Chronicle c.1307 (AD 431)
Palladius was sent by Pope Celestine to the Scots [i.e. Irish] who believed in Christ, and was ordained as their first bishop.

This all-too-brief entry describes the mission of Palladius to Ireland. Apparently there are already some Christians there, but without a bishop. Significantly, this goes against the very deeply embedded tradition that Patrick was the first missionary to the Irish. Palladius’ role, which cannot be denied on account of Prosper, has been belittled as a consequence.


Prosper’s second entry on Magnus Maximus (above) is indirectly connected with the dating of Vortigern’s accession to 425. It has been copied by the Gallic Chronicle of 452 for the year 425, where this anonymous chronicler describes the demise of another usurper called Maximus. The entry in this text under Honorius XXX (AD 425) is a seemingly duplication of Magnus Maximus’ death: "Maximus tyrannus de regno deicitur…" Actually, this is probably a reference to another Spanish usurper with the name of Maximus, though living in the early 5th century. Prosper does refer to such a usurper called Maximus, but that one was raised by Gerontius in rebellion against Constantine III and exiled in 412. There might even have been another one of that name, as it is known from Sozomen that Honorius executed at least one Maximus (Muhlberger: p.171 n.75). Since the fifth entry in the Gallic Chronicle of 452 before this one clearly mentions the end of Magnus Maximus, it is clear that this one is not about him. Yet it seems possible to some historians that this text, attributed once to Prosper, could have led to the confusion of ‘Nennius’ (or an earlier source) in choosing the date for both the death of Maximus and the accession of Vortigern. (For more on this issue, see Forty Years of Fear).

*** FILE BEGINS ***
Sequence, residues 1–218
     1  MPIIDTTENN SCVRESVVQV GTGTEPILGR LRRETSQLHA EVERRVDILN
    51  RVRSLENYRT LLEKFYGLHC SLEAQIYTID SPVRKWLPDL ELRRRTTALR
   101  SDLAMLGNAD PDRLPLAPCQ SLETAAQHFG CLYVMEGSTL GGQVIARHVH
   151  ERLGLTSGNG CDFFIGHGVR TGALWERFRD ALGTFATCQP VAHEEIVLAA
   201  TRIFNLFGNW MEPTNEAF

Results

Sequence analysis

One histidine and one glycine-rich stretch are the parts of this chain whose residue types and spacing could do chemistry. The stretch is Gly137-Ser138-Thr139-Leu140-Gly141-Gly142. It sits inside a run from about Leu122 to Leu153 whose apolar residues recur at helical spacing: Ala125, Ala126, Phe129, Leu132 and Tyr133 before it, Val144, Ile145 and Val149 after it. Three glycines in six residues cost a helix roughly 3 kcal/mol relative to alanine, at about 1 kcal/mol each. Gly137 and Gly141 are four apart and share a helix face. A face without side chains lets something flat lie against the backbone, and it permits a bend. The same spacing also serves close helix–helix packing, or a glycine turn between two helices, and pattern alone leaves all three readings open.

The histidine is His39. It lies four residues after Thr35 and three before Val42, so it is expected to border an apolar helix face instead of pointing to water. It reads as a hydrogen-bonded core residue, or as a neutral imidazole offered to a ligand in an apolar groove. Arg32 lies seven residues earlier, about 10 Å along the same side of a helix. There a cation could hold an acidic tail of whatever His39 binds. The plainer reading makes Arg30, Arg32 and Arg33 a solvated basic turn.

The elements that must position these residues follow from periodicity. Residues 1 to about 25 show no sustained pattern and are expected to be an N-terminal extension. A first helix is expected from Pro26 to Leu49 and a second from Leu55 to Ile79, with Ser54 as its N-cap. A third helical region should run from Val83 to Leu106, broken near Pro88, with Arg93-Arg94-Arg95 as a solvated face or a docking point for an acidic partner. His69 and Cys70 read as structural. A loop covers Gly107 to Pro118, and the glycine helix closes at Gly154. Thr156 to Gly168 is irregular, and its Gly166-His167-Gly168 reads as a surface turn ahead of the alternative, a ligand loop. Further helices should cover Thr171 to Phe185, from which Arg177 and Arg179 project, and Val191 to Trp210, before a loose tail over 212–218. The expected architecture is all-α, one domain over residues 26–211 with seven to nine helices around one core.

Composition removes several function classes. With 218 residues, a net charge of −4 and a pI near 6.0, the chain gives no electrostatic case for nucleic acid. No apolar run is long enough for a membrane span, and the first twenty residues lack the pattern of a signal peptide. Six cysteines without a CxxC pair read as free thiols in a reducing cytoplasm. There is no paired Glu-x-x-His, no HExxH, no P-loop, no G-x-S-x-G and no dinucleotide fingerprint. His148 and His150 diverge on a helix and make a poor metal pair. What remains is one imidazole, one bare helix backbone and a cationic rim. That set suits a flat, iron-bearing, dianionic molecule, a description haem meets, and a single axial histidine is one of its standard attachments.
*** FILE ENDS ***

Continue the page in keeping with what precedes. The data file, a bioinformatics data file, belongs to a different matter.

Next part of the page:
• Humphries, Mark (1996): Chronicle and chronology: Prosper of Aquitaina, his methods and the development of early medieval chronography, in: Early Medieval Europe 5, pp. 155-175.*
  • Muhlberger, Steven (1990): The Fifth Century Chroniclers. Prosper, Hydatius and the Gallic Chronicler of 452, (Leeds).*
  • Prosperi Tironis: Epitoma chronicon ed. primum a. CCCCXXXIII (433), continuata ad a. CCCCLV (455), ed. T. Mommsen, in: Chronica Minora Saec. IV, V, VI, VII vol. 1, pp. 341-501, (1892, repr. Berlin 1961).
  • Snyder, Christopher A. (1998): An Age of Tyrants, Britain and Britons AD 400-600, (Stroud).*

Prosper of Aquitaine - Epitoma Chronicon is Copyright © 2002, Robert Vermaat. All rights reserved.